Chris Lakin

Summary of Stoicism

The philosophy of Stoicism is not about the absence of emotion, but about emotional preparation. I have practiced this philosophy for several years. Here’s an example:

I had heard nothing yet about my entry’s performance in the science video competition for a large scholarship.

The video I had compiled haphazardly last year had become a finalist. This year I planned a new video. I had spent 400 hours making an entry, and despite my devotion to the art of Stoicism, I was nervous; there was uncertainty at the time about whether my father would keep his job, and how my college might be paid for if he didn’t. However, this video did not become a semifinalist. With the results I found myself burdened with emotions of frustration, confusion, and disappointment—at least, before I returned my Stoic practice.

Stoicism was a tool that allowed me not to be invested in the outcome of the project, despite the large effort that went into creating my entry. This philosophy allows me to focus on the intrinsic nature of my effort, and not the extrinsic nature of the outcome. It gave me the confidence to spend 400 hours on something that might not work out.

Stoicism?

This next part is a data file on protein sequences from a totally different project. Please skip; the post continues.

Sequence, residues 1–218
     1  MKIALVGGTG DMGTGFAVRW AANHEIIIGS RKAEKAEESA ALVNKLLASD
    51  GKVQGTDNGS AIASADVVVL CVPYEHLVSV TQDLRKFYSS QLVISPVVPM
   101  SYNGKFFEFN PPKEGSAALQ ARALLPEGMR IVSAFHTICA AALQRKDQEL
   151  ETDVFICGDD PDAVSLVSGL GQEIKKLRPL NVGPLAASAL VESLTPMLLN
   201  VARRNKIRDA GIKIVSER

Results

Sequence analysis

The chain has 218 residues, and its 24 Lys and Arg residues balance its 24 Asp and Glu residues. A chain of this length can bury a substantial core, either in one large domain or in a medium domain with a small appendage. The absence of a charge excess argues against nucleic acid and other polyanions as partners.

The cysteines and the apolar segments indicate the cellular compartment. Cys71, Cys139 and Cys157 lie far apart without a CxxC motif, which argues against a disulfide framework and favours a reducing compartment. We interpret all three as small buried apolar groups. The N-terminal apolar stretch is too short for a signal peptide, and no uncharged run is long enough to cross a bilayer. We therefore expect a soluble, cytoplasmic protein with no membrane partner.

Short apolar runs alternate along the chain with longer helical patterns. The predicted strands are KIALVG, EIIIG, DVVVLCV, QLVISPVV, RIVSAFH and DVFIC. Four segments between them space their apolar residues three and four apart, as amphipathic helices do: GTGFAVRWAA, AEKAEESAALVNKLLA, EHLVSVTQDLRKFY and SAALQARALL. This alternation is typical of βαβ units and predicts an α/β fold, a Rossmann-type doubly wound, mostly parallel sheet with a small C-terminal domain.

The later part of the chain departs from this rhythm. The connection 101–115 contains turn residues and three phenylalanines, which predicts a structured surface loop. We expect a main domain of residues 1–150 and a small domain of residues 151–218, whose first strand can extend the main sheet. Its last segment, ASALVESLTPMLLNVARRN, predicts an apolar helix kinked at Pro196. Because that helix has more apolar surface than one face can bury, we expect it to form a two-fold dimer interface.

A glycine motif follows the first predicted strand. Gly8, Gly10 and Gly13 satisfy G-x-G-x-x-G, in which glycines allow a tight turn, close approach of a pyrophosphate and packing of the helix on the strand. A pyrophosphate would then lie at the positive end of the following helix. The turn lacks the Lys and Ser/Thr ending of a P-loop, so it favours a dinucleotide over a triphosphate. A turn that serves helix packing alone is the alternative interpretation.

When I was fifteen I encountered Stoicism through the book A Guide to the Good Life by William B. Irvine. As measured by real-life impact, this seems to be the best book I’ve ever read. The philosophy has done me a lot of good, so I’d like to share it.

This page consists of notes from the book, and related thoughts that come to my mind.

Stoicism as a philosophy is not at all described by the word “Stoic” as used in modern English; Stoicism has no disposition against joy. Instead, Stoicism is about avoiding negative emotion in the cases where negative emotion is unhelpful.

Unlike other philosophies, Stoicism fully embraces the negative in a way that’s real, and freeing.

I’ll provide a quick summary of Stoicism before going into more detail.

Most of Stoicism reduces to two elements: Focus, and Expectations.

Read this slowly.


Longer reflection

Categories: “Negative visualization”, Appreciation, Focus, Seeking Discomfort, On Living, Interacting with others, Criticism, Anger, Impulses, Randomness, Miscellaneous, and Reflect on your Stoicism.

 

You may wish to take notes.

 

“Negative visualization”


Appreciation


Focus on what you can control


Seek discomfort


On Living


Interacting with others — protecting your tranquility


Criticism


Anger


Impulses


Randomness


Miscellaneous


Occasionally reflect on your Stoicism


Closing

I’ve tried my best to distill Stoicism here in order to make it more accessible for others.

Still, this page is highly dense and unless you take notes and revisit these ideas, you likely will not be changed. But this is in your control.



Related:


If you would like to read the book that changed me click the cover. It is complete with stories, superior explanations, and history. This book has given me no reason to read any other books on Stoicism.

Because this is an Amazon affiliate link, I’m required to say, “As an Amazon Associate I earn from qualifying purchases.”


Posted 2020 July, last updated 2021 March 23.

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